October 10, 2019 6:40 pm

In his book “On Writing: A Memoir of the Craft”, Stephen King writes that the first thing you should do to make your book better is to make it shorter. Even in a book that feels perfectly complete, you can cut out at least 10% without losing the original meaning.

This piece of advice doesn’t seem to apply to King’s own work. His writing style is known for being, for lack of a better word, wordy. Naturally, you can’t expect the 1,300-page novel to fit into two movies, now can you?

As a medium, feature movies are quite different from novels. There’s drastically less time to flesh out the characters, so their arcs should be reduced to a minimum. Often, at the expense of the scenes book fans grew to love.

There’s one more reason to cut scenes from the book, though.

Family-Friendly Changes

It is not exactly a PG13 movie. It’s rated R in the US, so it’s expected to be frightening and gory. However, the original novel is even less PG13 than the movie.

For starters, the portrayal of sadism and racism in the cinematic version is much less pronounced. The movie doesn’t have the racist slurs present in the novel, and the swastika drawn on the house of the black family. The two bullies, Hocksetter and Bowers, are not nearly as cruel in the movie as they are in the book. In the novel, the two torture animals by starving them to death, and Hocksetter kills his little brother. It seems like the R rating would be too soft for the King’s novel.

The members of the Losers Club find out the truth about the vicious clown in a very controversial way. They get high by hotboxing themselves until they pass out. While in a drug-induced haze, they see Pennywise as an ancient spirit haunting their hometown.

In the movie, this act is replaced with Beverley’s innocent visions. No Native American drug ritual is included in the script.

The family-unfriendly sequence everyone is talking about now is the impromptu orgy the Losers Club engage in after beating Pennywise. While Stephen King himself states, “I wasn’t really thinking of the sexual aspect of it,” the book does have a scene involving 11-year-olds having group sex to bond. In the movie, however, it’s been changed to a “blood oath”. Novel fans are entitled to their opinion, but this change was necessary to make the movie more appropriate for the theaters.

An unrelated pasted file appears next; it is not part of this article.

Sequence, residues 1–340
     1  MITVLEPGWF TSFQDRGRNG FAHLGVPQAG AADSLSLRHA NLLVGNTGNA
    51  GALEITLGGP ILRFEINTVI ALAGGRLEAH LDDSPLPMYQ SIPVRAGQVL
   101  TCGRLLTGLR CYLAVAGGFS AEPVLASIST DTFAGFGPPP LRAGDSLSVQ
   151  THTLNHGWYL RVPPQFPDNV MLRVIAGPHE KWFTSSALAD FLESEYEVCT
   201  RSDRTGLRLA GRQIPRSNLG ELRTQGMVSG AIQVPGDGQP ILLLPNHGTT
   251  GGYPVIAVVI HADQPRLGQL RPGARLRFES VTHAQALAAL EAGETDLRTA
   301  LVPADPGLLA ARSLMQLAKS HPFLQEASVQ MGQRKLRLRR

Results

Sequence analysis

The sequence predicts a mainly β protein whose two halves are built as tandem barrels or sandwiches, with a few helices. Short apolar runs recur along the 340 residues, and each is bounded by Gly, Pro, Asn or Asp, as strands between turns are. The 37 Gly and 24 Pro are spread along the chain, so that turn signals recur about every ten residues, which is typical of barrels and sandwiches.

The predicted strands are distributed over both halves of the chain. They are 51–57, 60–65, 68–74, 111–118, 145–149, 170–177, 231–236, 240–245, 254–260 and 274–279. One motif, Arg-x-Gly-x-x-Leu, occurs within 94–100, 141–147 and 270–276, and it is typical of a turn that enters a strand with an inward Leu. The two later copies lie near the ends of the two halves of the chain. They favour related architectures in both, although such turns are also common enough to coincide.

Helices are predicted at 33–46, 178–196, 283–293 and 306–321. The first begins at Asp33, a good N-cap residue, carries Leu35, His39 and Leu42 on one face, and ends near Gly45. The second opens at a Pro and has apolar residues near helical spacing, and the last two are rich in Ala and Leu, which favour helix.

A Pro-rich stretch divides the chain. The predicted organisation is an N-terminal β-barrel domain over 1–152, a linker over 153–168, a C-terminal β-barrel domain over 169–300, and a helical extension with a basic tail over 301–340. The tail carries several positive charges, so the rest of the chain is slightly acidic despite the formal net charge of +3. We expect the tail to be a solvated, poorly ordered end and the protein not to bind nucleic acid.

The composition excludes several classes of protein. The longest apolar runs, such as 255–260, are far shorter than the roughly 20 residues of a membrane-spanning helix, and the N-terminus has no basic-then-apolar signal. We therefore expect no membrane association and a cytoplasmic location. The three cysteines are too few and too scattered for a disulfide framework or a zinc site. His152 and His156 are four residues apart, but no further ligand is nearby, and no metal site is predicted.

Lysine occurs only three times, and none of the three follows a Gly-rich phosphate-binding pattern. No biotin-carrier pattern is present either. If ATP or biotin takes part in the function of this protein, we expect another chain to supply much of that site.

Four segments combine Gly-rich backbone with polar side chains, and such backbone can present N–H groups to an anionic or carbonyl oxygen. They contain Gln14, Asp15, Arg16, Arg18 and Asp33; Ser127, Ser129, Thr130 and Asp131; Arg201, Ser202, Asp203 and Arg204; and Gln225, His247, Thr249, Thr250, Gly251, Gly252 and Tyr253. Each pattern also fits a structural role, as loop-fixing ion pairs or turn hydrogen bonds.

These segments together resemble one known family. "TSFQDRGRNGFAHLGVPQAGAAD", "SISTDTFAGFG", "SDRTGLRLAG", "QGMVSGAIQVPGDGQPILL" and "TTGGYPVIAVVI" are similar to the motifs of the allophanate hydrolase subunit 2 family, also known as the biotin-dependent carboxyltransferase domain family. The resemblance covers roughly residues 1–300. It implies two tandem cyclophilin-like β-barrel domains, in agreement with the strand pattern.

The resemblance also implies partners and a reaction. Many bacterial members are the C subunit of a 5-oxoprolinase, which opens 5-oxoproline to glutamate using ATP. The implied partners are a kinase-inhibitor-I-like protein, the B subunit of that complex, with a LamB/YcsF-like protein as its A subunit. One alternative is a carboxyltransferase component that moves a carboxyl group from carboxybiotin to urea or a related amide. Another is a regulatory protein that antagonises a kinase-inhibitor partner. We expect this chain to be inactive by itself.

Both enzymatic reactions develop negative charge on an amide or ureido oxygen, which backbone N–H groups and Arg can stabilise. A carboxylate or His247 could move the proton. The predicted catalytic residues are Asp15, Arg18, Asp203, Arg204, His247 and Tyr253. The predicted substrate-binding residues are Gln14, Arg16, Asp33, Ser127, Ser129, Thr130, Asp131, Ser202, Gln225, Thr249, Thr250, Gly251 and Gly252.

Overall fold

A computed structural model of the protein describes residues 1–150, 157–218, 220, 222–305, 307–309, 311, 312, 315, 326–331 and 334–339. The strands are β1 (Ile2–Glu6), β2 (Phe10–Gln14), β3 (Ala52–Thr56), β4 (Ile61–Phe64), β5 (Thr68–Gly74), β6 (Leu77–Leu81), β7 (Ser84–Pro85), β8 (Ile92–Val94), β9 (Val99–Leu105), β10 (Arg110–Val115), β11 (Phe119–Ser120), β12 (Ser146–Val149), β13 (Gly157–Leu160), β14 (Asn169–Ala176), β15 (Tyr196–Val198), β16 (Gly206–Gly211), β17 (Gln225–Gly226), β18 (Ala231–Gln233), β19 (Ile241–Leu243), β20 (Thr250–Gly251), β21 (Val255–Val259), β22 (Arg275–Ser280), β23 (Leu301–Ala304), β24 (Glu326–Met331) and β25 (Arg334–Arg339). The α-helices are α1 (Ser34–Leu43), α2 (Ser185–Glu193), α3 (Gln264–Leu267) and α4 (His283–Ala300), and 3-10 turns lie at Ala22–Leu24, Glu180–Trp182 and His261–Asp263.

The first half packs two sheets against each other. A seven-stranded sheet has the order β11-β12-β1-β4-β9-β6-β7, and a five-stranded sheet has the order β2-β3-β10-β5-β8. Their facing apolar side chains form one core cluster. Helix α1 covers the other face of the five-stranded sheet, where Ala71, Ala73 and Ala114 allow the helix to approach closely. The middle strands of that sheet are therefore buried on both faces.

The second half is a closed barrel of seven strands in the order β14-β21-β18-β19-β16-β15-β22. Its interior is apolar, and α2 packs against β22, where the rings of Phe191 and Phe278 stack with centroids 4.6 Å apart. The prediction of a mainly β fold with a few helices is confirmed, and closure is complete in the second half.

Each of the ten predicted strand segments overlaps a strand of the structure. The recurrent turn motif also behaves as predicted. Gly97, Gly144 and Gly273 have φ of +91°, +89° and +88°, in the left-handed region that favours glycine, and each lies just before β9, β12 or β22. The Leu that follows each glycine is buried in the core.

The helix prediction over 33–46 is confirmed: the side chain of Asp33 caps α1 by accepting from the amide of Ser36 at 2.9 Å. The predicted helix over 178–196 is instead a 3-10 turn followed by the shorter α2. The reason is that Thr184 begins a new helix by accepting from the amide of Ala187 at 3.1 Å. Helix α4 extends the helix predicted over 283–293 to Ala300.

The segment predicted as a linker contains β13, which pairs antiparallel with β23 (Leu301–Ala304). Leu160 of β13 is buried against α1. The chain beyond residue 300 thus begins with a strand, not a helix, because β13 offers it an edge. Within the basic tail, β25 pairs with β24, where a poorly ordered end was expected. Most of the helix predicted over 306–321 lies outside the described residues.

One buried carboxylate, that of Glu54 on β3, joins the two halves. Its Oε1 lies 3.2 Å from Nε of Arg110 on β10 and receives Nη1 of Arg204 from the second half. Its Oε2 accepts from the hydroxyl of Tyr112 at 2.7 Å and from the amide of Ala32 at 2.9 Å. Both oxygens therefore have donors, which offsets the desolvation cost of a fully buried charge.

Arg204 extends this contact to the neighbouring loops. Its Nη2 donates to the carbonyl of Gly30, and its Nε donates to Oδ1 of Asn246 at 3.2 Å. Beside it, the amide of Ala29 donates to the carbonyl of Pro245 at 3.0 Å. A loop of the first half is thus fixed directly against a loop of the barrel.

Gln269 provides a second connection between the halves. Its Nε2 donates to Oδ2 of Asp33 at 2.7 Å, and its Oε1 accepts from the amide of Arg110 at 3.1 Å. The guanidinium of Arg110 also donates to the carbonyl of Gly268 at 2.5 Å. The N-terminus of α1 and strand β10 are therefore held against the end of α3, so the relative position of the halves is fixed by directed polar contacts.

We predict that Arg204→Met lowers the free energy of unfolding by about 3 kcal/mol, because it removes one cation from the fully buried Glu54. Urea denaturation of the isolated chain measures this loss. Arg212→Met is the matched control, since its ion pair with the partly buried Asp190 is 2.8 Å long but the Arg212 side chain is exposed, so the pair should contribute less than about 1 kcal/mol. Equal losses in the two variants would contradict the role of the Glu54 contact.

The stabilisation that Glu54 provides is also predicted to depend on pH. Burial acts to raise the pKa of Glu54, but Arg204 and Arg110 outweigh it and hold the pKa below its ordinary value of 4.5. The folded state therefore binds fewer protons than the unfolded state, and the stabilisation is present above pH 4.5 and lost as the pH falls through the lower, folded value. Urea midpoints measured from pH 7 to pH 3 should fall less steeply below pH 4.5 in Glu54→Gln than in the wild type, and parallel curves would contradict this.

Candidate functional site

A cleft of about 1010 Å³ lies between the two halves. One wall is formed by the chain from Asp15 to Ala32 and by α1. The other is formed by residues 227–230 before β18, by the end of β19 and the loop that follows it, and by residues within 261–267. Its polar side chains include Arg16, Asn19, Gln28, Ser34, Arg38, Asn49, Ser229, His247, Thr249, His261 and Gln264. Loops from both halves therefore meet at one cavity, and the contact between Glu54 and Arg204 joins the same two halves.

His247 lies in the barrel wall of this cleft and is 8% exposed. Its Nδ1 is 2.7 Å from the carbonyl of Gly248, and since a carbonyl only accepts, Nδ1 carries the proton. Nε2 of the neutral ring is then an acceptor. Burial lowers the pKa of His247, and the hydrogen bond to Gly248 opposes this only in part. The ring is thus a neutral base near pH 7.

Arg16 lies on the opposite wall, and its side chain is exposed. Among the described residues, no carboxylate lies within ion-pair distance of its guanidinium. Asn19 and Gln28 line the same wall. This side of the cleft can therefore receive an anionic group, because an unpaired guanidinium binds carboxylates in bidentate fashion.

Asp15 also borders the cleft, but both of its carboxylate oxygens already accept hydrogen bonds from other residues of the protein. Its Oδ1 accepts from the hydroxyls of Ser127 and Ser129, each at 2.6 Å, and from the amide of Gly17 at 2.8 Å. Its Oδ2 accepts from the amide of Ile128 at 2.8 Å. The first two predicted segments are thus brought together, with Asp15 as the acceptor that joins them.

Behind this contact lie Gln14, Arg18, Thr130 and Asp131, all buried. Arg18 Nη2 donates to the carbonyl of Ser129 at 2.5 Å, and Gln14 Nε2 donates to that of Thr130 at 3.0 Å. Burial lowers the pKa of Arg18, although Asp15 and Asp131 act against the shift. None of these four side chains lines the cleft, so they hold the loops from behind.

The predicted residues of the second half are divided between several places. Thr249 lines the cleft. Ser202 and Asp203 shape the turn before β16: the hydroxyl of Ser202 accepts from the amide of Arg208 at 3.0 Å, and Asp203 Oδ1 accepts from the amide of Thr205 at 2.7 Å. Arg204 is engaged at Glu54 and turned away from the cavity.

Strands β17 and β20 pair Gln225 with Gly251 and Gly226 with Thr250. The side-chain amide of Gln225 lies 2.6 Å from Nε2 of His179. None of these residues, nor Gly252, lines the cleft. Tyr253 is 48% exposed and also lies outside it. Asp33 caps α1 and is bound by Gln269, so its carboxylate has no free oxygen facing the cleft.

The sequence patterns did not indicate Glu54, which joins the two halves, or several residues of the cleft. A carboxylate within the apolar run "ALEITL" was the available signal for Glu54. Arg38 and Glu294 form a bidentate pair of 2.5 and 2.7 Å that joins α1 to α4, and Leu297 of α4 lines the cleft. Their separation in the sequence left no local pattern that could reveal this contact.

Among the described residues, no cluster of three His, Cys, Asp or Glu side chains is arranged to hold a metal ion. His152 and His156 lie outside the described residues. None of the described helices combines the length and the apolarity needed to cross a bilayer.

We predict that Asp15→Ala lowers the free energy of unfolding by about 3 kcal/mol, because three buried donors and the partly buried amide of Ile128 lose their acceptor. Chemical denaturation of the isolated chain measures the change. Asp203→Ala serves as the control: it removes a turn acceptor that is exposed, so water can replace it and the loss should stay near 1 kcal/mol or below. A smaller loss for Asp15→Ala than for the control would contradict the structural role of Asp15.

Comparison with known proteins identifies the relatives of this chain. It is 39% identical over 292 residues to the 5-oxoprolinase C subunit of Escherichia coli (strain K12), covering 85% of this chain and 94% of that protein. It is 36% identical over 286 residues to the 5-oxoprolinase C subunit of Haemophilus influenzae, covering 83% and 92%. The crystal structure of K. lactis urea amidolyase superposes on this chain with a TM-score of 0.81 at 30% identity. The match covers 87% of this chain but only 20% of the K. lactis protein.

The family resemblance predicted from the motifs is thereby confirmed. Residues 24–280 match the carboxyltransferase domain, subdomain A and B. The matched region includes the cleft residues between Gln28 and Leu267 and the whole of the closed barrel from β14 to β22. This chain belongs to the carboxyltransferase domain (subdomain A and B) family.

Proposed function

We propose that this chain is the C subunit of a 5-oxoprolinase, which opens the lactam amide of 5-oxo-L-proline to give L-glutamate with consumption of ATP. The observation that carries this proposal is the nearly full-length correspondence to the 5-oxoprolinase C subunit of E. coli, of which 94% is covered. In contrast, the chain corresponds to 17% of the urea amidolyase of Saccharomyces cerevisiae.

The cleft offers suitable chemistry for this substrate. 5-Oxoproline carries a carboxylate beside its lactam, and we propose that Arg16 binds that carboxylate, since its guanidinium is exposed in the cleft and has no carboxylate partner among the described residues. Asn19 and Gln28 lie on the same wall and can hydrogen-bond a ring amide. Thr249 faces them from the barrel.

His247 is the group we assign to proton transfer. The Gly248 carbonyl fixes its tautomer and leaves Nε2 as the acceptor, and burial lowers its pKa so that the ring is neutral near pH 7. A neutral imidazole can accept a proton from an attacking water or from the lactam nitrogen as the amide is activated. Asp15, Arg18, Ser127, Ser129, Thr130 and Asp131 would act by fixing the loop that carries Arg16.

Making It Simpler

When you buy essay cheap in college, you want to pack as much sense as you can in a small form. That is the same principle movie scriptwriters follow when they’re creating a novel adaptation. You have to cut a lot of things out to make the movie feel the same way the novel does (and make sense, too).

The most obvious thing that’s been changed in the movie is the time period. Stephen King’s It was published back in 1986, so the novel is set in the 1950s. The movie, however, takes place in the modern days, and more specifically, in the 1980s. It’s a great decision not only because of the 1980s craze going on right now but because the 1950s are simply too remote in time for the audiences to relate to.

An integral part of the 1950s atmosphere is the B-rate movie monsters. You probably don’t remember the 1956 Werewolf, do you? And that may explain why Pennywise turning into these monsters has been removed from the movie.

The narration has changed as well. Instead of a plot that goes in and out between two time periods, we get a more streamlined set of events. It’s a perfect choice for the movie because a jumpy timeline would make an art-house film out of it, not a blockbuster.

A lot of scenes and characters were significantly reduced or removed entirely. For instance, the characters get told how to defeat Pennywise the Clown by a giant mythical turtle. It makes sense in the novel since the turtle appears in several other King’s books. In the movie, however, it doesn’t fit at all.

Plenty of characters like Bill’s wife Audra are reduced to develop the main cast. Others, like Mike Hanlon’s dad, are removed entirely. In the movie, Mike’s family dies in a fire, and he lives with his granddad.

It’s at his granddad’s farm that he gets a bolt gun to kill Pennywise. Compared to the novel’s slingshot with a silver bit, this is quite an escalation of violence. Surely, this choice was made for more action in the finale.

The finale itself is a bit different as well. Instead of performing a ritual, the characters prove they’re not afraid of the monster.

The One Odd Change

Most of the changes you see below make sense. This one, however, doesn’t. Beverly Marsh is quite a strong girl in the novel. She’s going through a lot of trauma in her life and toughens as a result. Beverly was fearless when dealing with Pennywise in the novel. In the film, she becomes a damsel in distress and needs a boy to save her.

That’s just a huge lost opportunity that writers chose to forgo to simplify her character arc.

Movie vs. Book: Which’s Better?

So which’s better – the novel or the movie? The truth is, everyone is going to stick to their own point of view. The people who read the book will never fully embrace the simplified version that the movie presents.

The majority of those who saw It in the movie theaters in 2017, will not bother reading a 1000-page novel. That would only make things more complicated for them.

So the final verdict is simple: they’re different. The movie is never going to be as detailed as the novel. The novel is never going to be as visually complex as the movie. However, the undeniable fact is that both are great specimens of their media.


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This post was written by Nadia Vella